Protesters and police have clashed outside the Petroleum Conference in New Plymouth.
At least two protesters fell to the ground as police attempted to move them on. One may have been injured and an ambulance briefly treated someone at the scene.
The protesters managed to block access to the event, leaving around 30 delegates waiting to get in. With protesters blocking every entrance, it's uncertain whether the attendees will get in at all.
The event is attended by members of the oil and gas industry, with the Government due to announce the 2017 Block Offer to the industry - an annual tender of petroleum exploration permits.
The protesters, however, are demanding an end to all new oil and gas operations.
"Oil is wrecking our climate and we need to wean ourselves off oil," Amanda Larsson, campaigner for Greenpeace told Newshub at the protest.
"The oil industry was hoping to come here and quietly make plans to drill more oil on land and sea here in New Zealand. We've shone a spotlight on that and not let them make those plans quietly, because we're here to say that if we're to have a future, oil can have no future."
The protest is being co-ordinated by the People's Climate Rally, who say it's significant that the event is being held in Taranaki.
"Taranaki has long, bitter experience with the environmental, health and personal impacts from oil and gas activities including drilling, flaring and fracking. For many Māori this is seen as a continuation of colonisation," spokesperson Emily Tuhi-Ao Bailey said in a statement issued by the People's Climate Rally.
Minister of Energy and Resources Judith Collins was due to give the opening address and announce the Block Offer at 9am.
She tweeted that the protesters preventing the kaikaranga from entering the venue, but Greenpeace and Shaun Keenan, the leader of Ngāti Te Whiti's delegation, say that's not true.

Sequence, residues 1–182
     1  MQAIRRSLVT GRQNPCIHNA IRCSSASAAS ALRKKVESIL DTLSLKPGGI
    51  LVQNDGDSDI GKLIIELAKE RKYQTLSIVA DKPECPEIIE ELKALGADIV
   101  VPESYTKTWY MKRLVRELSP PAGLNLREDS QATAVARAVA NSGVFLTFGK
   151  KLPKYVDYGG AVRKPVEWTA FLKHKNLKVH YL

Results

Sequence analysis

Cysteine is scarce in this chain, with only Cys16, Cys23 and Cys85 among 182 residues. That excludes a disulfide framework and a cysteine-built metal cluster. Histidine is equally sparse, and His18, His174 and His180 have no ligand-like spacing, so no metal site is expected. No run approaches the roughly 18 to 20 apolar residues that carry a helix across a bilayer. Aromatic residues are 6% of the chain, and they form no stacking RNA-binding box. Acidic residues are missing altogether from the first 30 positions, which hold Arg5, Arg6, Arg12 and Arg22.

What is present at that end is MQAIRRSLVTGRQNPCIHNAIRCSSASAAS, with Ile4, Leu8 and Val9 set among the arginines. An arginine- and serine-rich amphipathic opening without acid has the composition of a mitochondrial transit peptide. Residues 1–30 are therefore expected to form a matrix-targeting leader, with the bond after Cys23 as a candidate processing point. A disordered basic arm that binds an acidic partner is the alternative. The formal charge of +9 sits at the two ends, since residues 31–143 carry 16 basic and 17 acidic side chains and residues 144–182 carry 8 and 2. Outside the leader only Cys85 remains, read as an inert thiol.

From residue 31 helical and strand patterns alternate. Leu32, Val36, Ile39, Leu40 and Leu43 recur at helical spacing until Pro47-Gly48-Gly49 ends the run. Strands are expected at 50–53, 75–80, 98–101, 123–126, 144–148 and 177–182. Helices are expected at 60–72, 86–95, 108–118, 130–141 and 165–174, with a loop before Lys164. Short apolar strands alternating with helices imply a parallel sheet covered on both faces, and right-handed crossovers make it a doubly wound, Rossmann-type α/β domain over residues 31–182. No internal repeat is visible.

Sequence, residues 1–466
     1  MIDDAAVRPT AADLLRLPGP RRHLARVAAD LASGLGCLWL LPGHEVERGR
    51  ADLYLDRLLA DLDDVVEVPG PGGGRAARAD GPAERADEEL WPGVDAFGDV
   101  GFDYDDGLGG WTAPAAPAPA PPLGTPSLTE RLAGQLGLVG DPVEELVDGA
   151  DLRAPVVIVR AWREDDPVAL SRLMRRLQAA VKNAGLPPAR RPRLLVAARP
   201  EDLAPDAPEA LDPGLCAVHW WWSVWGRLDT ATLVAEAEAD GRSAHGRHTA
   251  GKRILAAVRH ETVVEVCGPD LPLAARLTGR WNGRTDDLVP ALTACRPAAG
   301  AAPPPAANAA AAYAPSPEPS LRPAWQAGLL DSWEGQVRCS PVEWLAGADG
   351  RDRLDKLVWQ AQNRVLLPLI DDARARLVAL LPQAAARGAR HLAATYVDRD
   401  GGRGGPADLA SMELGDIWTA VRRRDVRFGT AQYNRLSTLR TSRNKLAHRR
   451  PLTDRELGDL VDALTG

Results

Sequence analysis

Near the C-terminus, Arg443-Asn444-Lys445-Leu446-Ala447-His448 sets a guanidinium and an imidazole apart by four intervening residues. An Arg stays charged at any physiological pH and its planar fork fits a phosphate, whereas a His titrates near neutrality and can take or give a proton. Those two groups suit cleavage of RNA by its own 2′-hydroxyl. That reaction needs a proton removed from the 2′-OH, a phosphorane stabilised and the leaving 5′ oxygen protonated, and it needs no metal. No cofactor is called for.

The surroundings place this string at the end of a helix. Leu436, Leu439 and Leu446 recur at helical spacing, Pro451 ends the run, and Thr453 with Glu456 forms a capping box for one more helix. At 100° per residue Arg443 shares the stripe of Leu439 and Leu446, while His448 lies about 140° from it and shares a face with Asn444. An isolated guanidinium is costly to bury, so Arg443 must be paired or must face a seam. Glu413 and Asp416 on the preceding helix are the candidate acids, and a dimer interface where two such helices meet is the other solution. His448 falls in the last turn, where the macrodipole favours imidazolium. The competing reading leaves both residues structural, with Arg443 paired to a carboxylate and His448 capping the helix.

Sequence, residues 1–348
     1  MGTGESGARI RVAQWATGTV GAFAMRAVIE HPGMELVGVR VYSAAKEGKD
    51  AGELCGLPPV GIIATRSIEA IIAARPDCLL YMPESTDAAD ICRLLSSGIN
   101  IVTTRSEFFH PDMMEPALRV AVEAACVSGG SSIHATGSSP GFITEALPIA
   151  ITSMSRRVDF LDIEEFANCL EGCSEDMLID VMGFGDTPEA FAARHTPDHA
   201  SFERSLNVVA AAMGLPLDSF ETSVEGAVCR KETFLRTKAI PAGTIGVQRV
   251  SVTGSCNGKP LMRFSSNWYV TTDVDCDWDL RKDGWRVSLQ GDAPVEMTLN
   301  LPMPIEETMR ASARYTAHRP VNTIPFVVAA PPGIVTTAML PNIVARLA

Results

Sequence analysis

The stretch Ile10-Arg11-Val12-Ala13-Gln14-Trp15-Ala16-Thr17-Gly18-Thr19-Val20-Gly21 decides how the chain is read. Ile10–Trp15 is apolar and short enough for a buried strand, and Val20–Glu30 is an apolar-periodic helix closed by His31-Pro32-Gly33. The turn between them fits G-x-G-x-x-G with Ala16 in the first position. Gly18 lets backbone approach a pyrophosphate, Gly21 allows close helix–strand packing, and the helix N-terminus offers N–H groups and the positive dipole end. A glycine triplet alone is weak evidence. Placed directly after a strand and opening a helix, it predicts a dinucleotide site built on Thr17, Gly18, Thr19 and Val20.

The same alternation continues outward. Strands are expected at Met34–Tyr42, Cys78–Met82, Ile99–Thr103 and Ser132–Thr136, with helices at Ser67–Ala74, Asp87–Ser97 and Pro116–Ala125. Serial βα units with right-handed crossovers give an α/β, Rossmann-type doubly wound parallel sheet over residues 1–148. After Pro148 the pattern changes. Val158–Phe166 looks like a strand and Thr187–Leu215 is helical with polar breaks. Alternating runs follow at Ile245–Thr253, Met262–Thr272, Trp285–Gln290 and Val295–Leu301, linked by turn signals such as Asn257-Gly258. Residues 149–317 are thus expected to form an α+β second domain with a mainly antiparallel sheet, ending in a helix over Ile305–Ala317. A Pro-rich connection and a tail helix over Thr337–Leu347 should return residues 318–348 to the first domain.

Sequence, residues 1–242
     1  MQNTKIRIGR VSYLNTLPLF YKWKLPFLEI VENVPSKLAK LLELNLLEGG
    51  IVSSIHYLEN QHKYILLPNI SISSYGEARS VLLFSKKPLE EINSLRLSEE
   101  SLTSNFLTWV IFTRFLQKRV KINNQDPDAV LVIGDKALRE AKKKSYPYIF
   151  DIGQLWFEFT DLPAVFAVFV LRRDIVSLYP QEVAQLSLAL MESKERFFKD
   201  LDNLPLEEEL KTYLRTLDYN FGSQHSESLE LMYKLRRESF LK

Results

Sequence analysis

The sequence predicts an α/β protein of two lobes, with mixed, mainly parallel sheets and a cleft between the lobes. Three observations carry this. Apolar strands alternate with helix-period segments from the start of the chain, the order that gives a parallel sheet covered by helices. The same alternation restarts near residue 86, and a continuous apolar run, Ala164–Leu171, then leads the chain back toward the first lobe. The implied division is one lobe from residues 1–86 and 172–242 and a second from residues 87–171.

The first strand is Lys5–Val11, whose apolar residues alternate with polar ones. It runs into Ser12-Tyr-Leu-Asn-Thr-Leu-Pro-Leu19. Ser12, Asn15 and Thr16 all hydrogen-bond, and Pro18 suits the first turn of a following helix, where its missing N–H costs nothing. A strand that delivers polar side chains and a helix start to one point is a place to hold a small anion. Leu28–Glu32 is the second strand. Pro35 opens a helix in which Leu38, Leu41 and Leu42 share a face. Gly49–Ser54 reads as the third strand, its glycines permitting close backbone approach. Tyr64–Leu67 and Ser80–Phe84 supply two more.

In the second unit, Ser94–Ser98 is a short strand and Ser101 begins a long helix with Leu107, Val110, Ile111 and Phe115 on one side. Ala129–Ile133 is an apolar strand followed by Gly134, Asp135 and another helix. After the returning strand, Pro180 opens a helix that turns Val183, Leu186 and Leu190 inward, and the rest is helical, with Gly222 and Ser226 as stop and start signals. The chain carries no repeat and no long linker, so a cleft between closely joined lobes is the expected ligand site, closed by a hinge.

"Greenpeace has stopped Ngāti Te Whiti kaikaranga from entering the Petroleum Conference. #totally disrespectful", Ms Collins tweeted, referring to the woman who calls visitors onto a marae or venue at the beginning of a pōwhiri.
Greenpeace told Newshub Ms Collins' claim is "simply untrue".
"That's evidentally untrue. Are you offering #alternativefacts now Judith?" they tweeted.
The Petroleum Exploration and Production Association of New Zealand (PEPANZ) said it is "disappointed" in the protest action, but were not surprised.
"We want to use the Conference to celebrate Taranaki's oil and gas industry and the incredible contribution it has made to the region, rather than it being targeted by protestors to cause disruption to the community," says chief executive Cameron Madgwick.
"We expect protestors to respect the rights of our delegates to attend the conference."
In a media statement sent out this morning, Ms Collins said New Zealand is well-placed to take advantage of oil and gas exploration.
"The Government will continue to ensure we reap the benefits of petroleum and mineral exploration while adhering to strong environmental and health and safety provisions," she said.
The total area up for tender is 481,735 km2 – with 5,102 km2 onshore and 476,632 km2 offshore.
PEPANZ said the climate change is a serious issue, but "we simply cannot switch off fossil fuels overnight."
Protesters did not allow Newshub to enter to building to cover the Block Offer, forcing the crew to sneak in through another entrance.